Protein carbonylation has been associated with various human diseases such as Alzheimer's disease, Parkinson's disease, chronic lung disease, chronic renal failure, diabetes, sepsis and sclerosis [1
]. Generally, there are several types of amino acid oxidative modifications that can give rise to protein carbonyls [2
]. Protein carbonyl derivatives can also be formed through reactions with reactive carbonyl compounds produced during oxidative conversion of various biomolecules such as lipids [5
]. Among the reactive carbonyl compounds, 4-hydroxy-2-nonenal (HNE) has drawn particular attention and has been the most well studied lipid peroxidation end-product [6
]. HNE is formed from polyunsaturated fatty acids present in biological membranes and it reacts readily with nucleophilic groups of protein amino acid side chains. Several studies have shown that covalent attachment of HNE to proteins lead to alteration in their structure and biological activity [7
]. Modification by HNE occurs on nucleophilic side-chains of amino acid residues primarily via Michael addition or Schiff-base (imine) formation [9
]. HNE modification through Michael addition involves reaction of the imidazole group of histidine (His), the ε-amino group of lysine (Lys), or the sulfhydryl group of cysteine (Cys) with the C=C double bond of HNE (). Schiff-base is also formed by the reaction of HNE with the ε-amino group of Lys. The reactivity of amino acids toward HNE has shown to be Cys>His>Lys [11
]. Michael adducts generally represent 99% of HNE protein modifications, whereas Schiff-base adduct formation is less prevalent even in the presence of excess HNE and does not result in protein carbonylation [12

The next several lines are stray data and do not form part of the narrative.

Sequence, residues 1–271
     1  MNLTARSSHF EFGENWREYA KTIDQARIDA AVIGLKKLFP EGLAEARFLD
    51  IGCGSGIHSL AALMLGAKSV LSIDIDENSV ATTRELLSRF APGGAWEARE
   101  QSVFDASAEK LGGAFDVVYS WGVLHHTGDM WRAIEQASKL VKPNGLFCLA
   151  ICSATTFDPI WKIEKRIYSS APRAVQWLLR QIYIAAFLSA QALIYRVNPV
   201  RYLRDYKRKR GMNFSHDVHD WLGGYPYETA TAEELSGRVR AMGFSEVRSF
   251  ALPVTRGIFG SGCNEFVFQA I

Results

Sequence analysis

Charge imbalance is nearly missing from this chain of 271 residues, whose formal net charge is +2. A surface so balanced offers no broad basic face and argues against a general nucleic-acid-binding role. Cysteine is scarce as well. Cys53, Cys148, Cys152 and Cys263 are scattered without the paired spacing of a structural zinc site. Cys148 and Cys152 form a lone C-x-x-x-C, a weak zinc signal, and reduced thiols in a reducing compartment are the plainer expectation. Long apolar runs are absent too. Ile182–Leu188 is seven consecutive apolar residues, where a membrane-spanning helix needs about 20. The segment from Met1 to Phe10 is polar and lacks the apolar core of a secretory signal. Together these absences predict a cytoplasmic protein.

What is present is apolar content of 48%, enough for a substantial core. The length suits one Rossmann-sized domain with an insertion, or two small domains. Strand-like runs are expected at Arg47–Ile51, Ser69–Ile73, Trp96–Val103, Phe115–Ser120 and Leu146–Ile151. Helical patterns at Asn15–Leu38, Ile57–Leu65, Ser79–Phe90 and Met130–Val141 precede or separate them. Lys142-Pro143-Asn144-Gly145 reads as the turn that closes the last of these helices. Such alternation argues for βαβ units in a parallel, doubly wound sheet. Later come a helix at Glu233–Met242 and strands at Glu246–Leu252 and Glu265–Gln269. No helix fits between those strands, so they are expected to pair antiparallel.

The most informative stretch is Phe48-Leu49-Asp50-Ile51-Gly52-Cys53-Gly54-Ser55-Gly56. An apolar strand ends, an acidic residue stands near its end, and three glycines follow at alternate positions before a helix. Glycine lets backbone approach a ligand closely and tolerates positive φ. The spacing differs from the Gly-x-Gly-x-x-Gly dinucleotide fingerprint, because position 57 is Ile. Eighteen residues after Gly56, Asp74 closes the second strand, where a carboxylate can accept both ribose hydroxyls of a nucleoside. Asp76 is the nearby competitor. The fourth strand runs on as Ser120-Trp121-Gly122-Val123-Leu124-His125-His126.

Reaction of nucleophiles in amino acid side chains by Michael addition.
Protein targets of HNE-modification have been identified by 2-D polyacrylamide gel electrophoresis in which mass spectrometry is used merely for protein identification, mostly by peptide-mass fingerprinting and, thus, without seeking modification-specific information at the peptide level [14
]. The availability of modern tandem mass spectrometers have prompted efforts to utilize them for the modification- and sequence-directed identification of carbonylation through the formation of covalent adducts with HNE. Due to the low abundance of this posttranslational modification, enrichment of HNE-modified peptides usually is required before mass spectrometric analyses [17
]. Therefore, there has been much interest recently about development of methods to enrich carbonylated proteins and peptides for mass spectrometric analyses [18
]. Solid-phase hydrazide chemistry has been employed for the enrichment of HNE-carbonylated peptides [17
]. The feature of this method is that it recovers the modified species in its native, unlabeled form and may also allow for the use of sophisticated additional chemistry enabling partial 18
O-labeling of reactive carbonyl modifications, which produces a unique isotope signature in mass spectra, to detect the modified peptides [23
]. However, the solid-phase hydrazide reagent immobilized on controlled pore glass particles is not available commercially and, hence, has to be synthesized for the study, a task that some laboratories may not be prepared to perform. Recently, affinity columns have been made by immobilizing an antibody recognizing HNE-Michael adducts, and the use of these columns also yields samples of enriched untagged peptides [24
]. However, the majority of the techniques rely on labeling (“tagging”) the carbonyl group for label-specific immunoaffinity enrichment.